For the three months ended March 31, 2019 and 2018, we recognized collaboration revenue of $10.2 million and $14.0 million, respectively, in the condensed consolidated statements of operations, from the Merck PCV/SAV Agreement. The revenue recognized during the three months ended March 31, 2019 includes $10.2 million related to the amortization of deferred revenue due to the satisfaction of our performance during the period. As of March 31, 2019, the aggregate amount of the transaction price allocated to the remaining performance obligations that are unsatisfied is $115.0 million, which is expected to be recognized as revenue through December 31, 2021. We had deferred revenue of $115.0 million and $111.3 million, as of March 31, 2019 and December 31, 2018, respectively, from the Merck PCV/SAV Agreement, which is classified as current or non-current in the condensed consolidated balance sheets based on the period the services are expected to be performed or control of the supply is expected to be transferred.

Vertex – 2016 Strategic Alliance in Cystic Fibrosis

In July 2016, we entered into a Strategic Collaboration and License Agreement, with Vertex Pharmaceuticals Incorporated, and Vertex Pharmaceuticals (Europe) Limited, together, Vertex, which we refer to as the Vertex Agreement. The Vertex Agreement is aimed at the discovery and development of potential mRNA medicines for the treatment of cystic fibrosis (CF) by enabling cells in the lungs of people with CF to produce functional CFTR proteins.


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Pursuant to the Vertex Agreement, we lead discovery efforts during a three-year research period, leveraging our Platform technology and mRNA delivery expertise along with Vertex’s scientific experience in CF biology and the functional understanding of CFTR. Vertex is responsible for conducting development and commercialization activities for candidates and products that arise from the strategic alliance, including the costs associated with such activities. Subject to customary “back-up” supply rights granted to Vertex, we exclusively manufacture (or have manufactured) mRNA for preclinical, clinical and commercialization purposes. The parties established a joint steering committee to oversee and coordinate activities under the Vertex Agreement. We and Vertex have granted each other certain licenses under the Vertex Agreement.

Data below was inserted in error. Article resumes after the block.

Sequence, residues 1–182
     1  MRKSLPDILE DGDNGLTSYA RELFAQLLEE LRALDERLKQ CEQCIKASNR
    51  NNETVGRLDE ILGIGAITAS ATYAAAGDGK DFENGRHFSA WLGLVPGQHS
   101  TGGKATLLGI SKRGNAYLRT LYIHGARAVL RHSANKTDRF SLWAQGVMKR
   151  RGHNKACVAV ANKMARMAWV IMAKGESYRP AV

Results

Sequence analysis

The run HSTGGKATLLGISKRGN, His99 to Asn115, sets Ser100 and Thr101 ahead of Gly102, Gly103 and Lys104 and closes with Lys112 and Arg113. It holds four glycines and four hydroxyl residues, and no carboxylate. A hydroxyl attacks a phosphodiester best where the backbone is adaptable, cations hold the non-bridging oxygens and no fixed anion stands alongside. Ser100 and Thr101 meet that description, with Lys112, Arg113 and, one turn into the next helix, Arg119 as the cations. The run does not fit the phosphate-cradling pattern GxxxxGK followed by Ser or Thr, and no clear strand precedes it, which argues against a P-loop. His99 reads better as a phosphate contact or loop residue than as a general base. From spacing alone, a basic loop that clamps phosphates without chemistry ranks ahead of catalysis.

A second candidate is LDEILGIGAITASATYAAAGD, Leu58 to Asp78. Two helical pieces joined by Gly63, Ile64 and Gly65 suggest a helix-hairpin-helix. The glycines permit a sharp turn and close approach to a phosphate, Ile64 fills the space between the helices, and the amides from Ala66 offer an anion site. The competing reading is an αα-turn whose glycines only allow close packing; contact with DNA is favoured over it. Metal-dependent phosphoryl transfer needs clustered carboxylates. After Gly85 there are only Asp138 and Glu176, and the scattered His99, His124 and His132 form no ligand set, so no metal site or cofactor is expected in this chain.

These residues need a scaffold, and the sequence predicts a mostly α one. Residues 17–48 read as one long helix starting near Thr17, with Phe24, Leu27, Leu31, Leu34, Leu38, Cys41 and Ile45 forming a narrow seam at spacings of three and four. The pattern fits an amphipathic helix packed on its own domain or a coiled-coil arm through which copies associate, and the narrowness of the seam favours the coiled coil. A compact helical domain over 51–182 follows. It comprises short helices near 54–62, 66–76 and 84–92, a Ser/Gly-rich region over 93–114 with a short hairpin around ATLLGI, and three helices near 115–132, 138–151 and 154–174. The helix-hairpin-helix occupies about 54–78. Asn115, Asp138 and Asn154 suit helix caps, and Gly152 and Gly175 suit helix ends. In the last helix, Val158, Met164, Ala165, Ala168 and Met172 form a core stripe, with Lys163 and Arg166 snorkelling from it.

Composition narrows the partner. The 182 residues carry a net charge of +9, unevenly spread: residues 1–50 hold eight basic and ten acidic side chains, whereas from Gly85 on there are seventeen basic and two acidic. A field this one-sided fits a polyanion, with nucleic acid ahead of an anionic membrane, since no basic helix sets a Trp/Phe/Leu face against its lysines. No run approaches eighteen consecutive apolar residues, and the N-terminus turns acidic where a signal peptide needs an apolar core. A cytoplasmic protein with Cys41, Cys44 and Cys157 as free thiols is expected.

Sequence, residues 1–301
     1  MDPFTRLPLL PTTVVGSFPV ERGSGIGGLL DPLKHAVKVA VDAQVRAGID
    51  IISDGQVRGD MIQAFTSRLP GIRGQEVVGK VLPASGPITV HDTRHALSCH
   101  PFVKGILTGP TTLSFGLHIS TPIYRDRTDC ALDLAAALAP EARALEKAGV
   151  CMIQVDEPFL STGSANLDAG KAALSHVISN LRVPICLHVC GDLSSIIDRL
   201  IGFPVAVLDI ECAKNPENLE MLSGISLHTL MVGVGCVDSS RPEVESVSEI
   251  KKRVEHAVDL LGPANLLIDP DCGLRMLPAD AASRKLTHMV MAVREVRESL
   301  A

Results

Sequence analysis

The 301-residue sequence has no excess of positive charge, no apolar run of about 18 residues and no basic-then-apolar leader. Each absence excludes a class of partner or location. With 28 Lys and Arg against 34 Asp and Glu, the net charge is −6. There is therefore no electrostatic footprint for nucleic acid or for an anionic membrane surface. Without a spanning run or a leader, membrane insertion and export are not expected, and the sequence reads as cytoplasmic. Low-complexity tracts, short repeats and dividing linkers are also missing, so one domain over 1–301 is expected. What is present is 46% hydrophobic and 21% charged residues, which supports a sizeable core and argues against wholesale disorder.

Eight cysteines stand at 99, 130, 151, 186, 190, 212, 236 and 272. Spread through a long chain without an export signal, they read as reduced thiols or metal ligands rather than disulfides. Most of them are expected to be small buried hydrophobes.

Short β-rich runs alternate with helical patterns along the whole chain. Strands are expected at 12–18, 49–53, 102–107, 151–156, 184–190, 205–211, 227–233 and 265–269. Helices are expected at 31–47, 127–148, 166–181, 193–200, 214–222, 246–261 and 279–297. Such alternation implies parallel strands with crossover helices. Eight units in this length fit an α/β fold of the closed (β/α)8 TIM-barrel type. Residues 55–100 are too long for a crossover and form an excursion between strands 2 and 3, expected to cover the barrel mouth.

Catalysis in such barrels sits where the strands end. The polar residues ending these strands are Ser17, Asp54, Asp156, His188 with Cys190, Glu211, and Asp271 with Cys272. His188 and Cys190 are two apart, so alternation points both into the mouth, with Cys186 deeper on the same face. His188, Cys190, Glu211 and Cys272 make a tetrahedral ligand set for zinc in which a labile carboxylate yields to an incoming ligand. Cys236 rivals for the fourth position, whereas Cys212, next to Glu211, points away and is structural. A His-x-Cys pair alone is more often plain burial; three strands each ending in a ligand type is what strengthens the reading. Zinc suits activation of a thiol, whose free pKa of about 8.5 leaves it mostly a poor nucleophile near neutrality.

Under the terms of the Vertex Agreement, we received a $20.0 million upfront payment from Vertex. Vertex has the right to extend the initial three-year research period by one additional year by making an additional payment to us. We are eligible to receive up to $55.0 million in payments for achievement of development milestones, up to $220.0 million in payments for achievement of regulatory milestones and potentially could receive an additional $3.0 million milestone payment for achievement of a regulatory milestone for second and each subsequent product under the Vertex Agreement. Vertex will also pay us tiered royalties at rates ranging from the low- to high-teens on worldwide net sales of products arising from the strategic alliance, subject to certain reductions, with an aggregate minimum floor. In connection with the strategic alliance, Vertex also made a $20.0 million equity investment in our Series F redeemable convertible preferred stock. During the term of the Vertex Agreement, we and Vertex have agreed to certain defined exclusivity obligations under the Vertex Agreement with respect to the development and commercialization of certain mRNA medicines.

Unless earlier terminated, the Vertex Agreement will continue until the expiration of all royalty terms. Vertex may terminate the Vertex Agreement for convenience upon 90 days’ prior written notice, except if termination relates to a product in a country where Vertex has received marketing approval, which, in such case, Vertex must provide 180 days’ prior written notice. Either party may terminate the Vertex Agreement upon the other party’s material breach, subject to specified notice and cure provisions. Each party may also terminate the Vertex Agreement in the event that the other party challenges the validity or enforceability of such party’s patent rights, subject to certain exceptions, or if the other party becomes insolvent.

 Accounting Treatment